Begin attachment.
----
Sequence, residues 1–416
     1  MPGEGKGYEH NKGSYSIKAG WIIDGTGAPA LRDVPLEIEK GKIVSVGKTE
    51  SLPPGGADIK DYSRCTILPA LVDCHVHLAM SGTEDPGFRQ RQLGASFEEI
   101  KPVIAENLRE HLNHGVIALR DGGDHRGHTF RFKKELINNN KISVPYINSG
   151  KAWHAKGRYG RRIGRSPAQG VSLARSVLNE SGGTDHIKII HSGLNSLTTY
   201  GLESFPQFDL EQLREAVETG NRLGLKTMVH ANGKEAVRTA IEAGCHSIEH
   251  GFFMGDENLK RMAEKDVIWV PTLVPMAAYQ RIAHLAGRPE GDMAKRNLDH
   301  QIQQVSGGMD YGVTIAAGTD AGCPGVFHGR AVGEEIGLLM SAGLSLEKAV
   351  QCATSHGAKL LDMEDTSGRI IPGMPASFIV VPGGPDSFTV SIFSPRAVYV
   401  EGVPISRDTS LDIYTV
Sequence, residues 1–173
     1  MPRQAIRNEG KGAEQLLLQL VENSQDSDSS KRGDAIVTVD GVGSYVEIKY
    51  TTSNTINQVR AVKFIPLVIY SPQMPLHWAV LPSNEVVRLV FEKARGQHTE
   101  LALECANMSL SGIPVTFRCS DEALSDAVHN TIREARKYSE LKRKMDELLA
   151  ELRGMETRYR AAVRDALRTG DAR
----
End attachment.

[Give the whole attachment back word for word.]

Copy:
Sequence, residues 1–416
     1  MPGEGKGYEH NKGSYSIKAG WIIDGTGAPA LRDVPLEIEK GKIVSVGKTE
    51  SLPPGGADIK DYSRCTILPA LVDCHVHLAM SGTEDPGFRQ RQLGASFEEI
   101  KPVIAENLRE HLNHGVIALR DGGDHRGHTF RFKKELINNN KISVPYINSG
   151  KAWHAKGRYG RRIGRSPAQG VSLARSVLNE SGGTDHIKII HSGLNSLTTY
   201  GLESFPQFDL EQLREAVETG NRLGLKTMVH ANGKEAVRTA IEAGCHSIEH
   251  GFFMGDENLK RMAEKDVIWV PTLVPMAAYQ RIAHLAGRPE GDMAKRNLDH
   301  QIQQVSGGMD YGVTIAAGTD AGCPGVFHGR AVGEEIGLLM SAGLSLEKAV
   351  QCATSHGAKL LDMEDTSGRI IPGMPASFIV VPGGPDSFTV SIFSPRAVYV
   401  EGVPISRDTS LDIYTV
Sequence, residues 1–173
     1  MPRQAIRNEG KGAEQLLLQL VENSQDSDSS KRGDAIVTVD GVGSYVEIKY
    51  TTSNTINQVR AVKFIPLVIY SPQMPLHWAV LPSNEVVRLV FEKARGQHTE
   101  LALECANMSL SGIPVTFRCS DEALSDAVHN TIREARKYSE LKRKMDELLA
   151  ELRGMETRYR AAVRDALRTG DAR